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The daily business briefing: January 16, 2019

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Harold Maass
The Netflix logo in Paris
LIONEL BONAVENTURE/AFP/Getty Images
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1.

Theresa May faces no-confidence vote after humiliating Brexit defeat

British Prime Minister Theresa May suffered a crushing defeat on Tuesday when the House of Commons overwhelmingly rejected her plan for Britain's withdrawal from the European Union. The 432-to-202 vote marked the biggest loss for a prime minister in such a parliamentary vote in recent British history. It thrust the Brexit process into chaos just 10 weeks before the U.K. is supposed to leave the European trading bloc. Immediately after the vote, the opposition Labor Party's leader, Jeremy Corbyn, announced that he was putting forward a motion of no confidence Wednesday due to what he called the "sheer incompetence of this government." May now has to quickly come up with a backup plan, although the EU has said is the only one it will accept. [The New York Times]

2.

Netflix shares soar after price hike, lifting tech stocks

Netflix shares jumped by more than 6 percent on Tuesday after the streaming video powerhouse announced it was raising the price on its most popular U.S. plan to $12.99 per month from $10.99. Netflix's ability to raise fees without losing subscribers has been crucial as it spends heavily on original content. The company spent a record $859 million in cash in the third quarter, with no indications it plans to cut back any time soon. The stock's gains led a rally among tech-related shares. The tech-heavy Nasdaq Composite surged 1.7 percent higher. The S&P 500 gained 1.1 percent, with the tech sector climbing 1.5 percent. The Dow Jones Industrial Average rose by 0.6 percent. [CNBC]

3.

Judge rejects request to make government pay workers during shutdown

A federal judge in Washington on Tuesday declined to force the government to pay federal employees working through the partial government shutdown. Labor unions representing federal workers said the policy violates laws against unpaid work, and the Constitution. Employees deemed essential are working without pay through the shutdown, but like their furloughed colleagues they will receive compensation once spending bills are passed and signed by President Trump. U.S. District Judge Richard J. Leon said it would be "profoundly irresponsible" to issue an order that would force the government to send more employees home. "At best it would create chaos and confusion," Leon said. "At worst it could be catastrophic ... I'm not going to put people's lives at risk." [The Washington Post]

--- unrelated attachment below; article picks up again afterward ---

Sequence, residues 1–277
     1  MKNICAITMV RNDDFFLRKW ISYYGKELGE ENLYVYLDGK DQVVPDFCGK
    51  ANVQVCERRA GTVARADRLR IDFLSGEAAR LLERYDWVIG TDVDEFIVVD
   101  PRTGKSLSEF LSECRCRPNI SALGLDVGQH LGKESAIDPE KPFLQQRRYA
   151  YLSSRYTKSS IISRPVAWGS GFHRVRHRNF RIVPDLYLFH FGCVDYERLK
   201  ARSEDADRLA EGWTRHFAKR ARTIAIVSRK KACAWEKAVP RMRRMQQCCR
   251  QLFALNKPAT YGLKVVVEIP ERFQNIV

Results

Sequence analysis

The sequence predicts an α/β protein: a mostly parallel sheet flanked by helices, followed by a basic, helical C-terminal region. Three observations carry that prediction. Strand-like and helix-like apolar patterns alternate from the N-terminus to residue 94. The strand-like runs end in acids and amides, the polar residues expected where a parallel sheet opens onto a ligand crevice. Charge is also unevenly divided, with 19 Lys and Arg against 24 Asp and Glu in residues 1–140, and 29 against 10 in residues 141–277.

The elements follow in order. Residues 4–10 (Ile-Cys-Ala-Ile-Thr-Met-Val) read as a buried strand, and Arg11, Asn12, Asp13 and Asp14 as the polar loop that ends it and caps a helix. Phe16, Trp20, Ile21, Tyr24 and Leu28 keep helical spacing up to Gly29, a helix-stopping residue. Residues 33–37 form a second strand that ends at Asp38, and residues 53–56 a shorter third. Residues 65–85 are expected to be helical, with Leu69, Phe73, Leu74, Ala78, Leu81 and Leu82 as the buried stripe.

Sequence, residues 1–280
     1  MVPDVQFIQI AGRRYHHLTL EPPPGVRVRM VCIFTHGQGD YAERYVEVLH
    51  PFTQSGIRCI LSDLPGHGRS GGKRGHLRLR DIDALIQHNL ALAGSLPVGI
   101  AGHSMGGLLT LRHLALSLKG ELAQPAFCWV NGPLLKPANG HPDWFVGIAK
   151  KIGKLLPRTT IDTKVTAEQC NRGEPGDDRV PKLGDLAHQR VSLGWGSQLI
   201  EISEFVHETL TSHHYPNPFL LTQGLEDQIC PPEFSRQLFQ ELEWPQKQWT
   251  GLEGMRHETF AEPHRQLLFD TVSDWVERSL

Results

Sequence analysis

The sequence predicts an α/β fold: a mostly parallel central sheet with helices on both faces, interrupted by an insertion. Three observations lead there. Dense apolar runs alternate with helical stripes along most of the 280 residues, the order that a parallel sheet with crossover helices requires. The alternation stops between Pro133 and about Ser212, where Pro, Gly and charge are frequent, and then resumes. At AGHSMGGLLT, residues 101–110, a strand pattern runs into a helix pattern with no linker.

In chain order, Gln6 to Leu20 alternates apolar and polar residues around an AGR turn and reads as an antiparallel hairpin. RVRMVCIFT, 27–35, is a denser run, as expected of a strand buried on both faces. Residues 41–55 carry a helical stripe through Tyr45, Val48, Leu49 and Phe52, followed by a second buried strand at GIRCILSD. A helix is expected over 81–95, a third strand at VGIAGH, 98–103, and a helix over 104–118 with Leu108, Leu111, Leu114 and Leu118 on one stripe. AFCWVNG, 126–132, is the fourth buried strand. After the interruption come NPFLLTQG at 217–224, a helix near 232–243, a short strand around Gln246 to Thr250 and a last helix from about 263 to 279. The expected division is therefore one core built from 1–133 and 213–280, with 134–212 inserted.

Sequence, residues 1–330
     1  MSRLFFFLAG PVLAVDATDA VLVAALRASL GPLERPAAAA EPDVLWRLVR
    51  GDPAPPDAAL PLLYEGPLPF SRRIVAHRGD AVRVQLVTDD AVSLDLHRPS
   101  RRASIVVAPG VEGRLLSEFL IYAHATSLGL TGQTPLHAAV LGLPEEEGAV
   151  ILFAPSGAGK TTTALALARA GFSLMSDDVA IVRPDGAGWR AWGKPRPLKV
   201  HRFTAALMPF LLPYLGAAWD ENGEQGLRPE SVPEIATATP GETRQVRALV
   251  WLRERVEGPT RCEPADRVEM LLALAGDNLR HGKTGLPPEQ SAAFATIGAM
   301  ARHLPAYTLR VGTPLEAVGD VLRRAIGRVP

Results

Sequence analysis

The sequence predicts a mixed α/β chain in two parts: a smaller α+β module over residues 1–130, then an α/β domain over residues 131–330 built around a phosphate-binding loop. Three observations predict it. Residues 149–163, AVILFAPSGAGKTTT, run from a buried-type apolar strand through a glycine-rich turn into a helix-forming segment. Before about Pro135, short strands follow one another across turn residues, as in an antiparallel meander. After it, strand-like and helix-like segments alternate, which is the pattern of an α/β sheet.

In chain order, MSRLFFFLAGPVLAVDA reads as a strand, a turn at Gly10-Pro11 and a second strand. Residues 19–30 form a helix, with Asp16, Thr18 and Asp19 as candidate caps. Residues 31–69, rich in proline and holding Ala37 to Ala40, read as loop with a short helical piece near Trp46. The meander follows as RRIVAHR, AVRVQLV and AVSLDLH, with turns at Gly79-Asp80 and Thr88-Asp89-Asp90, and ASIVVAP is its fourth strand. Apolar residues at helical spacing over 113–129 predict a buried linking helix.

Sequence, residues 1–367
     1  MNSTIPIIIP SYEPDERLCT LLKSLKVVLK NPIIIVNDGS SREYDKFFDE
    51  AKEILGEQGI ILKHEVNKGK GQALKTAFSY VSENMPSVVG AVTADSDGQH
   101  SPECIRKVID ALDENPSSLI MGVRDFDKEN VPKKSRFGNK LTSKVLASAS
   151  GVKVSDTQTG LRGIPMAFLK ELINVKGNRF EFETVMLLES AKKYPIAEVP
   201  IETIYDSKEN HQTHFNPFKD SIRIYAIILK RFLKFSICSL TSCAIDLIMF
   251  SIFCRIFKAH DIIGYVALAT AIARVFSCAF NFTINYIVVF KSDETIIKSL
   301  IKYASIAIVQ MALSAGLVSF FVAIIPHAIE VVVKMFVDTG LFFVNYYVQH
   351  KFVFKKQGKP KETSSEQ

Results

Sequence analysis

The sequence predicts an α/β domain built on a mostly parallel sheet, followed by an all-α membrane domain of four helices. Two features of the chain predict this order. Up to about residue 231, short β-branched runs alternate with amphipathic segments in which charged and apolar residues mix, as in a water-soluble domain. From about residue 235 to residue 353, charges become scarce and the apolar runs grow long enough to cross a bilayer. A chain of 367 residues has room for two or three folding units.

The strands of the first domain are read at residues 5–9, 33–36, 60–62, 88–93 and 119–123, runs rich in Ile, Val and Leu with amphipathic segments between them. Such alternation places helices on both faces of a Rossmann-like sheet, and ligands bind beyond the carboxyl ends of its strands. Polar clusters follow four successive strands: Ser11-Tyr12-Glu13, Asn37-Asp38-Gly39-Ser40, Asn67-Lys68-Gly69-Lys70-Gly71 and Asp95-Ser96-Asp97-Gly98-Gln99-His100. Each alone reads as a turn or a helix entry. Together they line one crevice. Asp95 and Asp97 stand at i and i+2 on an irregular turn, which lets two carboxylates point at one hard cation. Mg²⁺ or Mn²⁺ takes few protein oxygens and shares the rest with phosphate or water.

4.

Bank of America shares rise after earnings beat expectations

Bank of America shares jumped up by 4.6 percent in pre-market trading on Wednesday after the banking giant reported quarterly earnings that beat analysts' expectations. The company, which got a boost from rising interest rates and falling tax rates, said its fourth-quarter revenue rose to $22.7 billion from $20.4 billion, between the FactSet consensus estimate of just under $22.4 billion. Profits reached 70 cents per share on an adjusted basis, beating analysts' forecasts of 63 cents a share, according to FactSet. BofA's good news broke a string of disappointing earnings reports from banks. Earlier this week, Citigroup, J.P. Morgan Chase & Co., and Wells Fargo & Co. all fell short of expectations. [MarketWatch, The Associated Press]

5.

Goldman Sachs beats expectations

Goldman Sachs shares surged early Wednesday after the investment bank reported quarterly revenue and profit that exceeded Wall Street's expectations. The New York-based bank made $6.04 per share in profit in the fourth quarter of 2018, soundly beating estimates of $4.30 a share. Revenue reached $8.08 billion; analysts had estimated revenue of $7.55 billion. The news came after Goldman shares lost 34 percent in 2018, the biggest drop among the six biggest banks. The strong fourth-quarter results came thanks partly to higher merger fees. That helped offset weak trading caused by market turmoil. It was the first quarterly result for the company under David Solomon, who took over from Lloyd Blanfein as Goldman's chief executive Oct. 1. [CNBC, MarketWatch]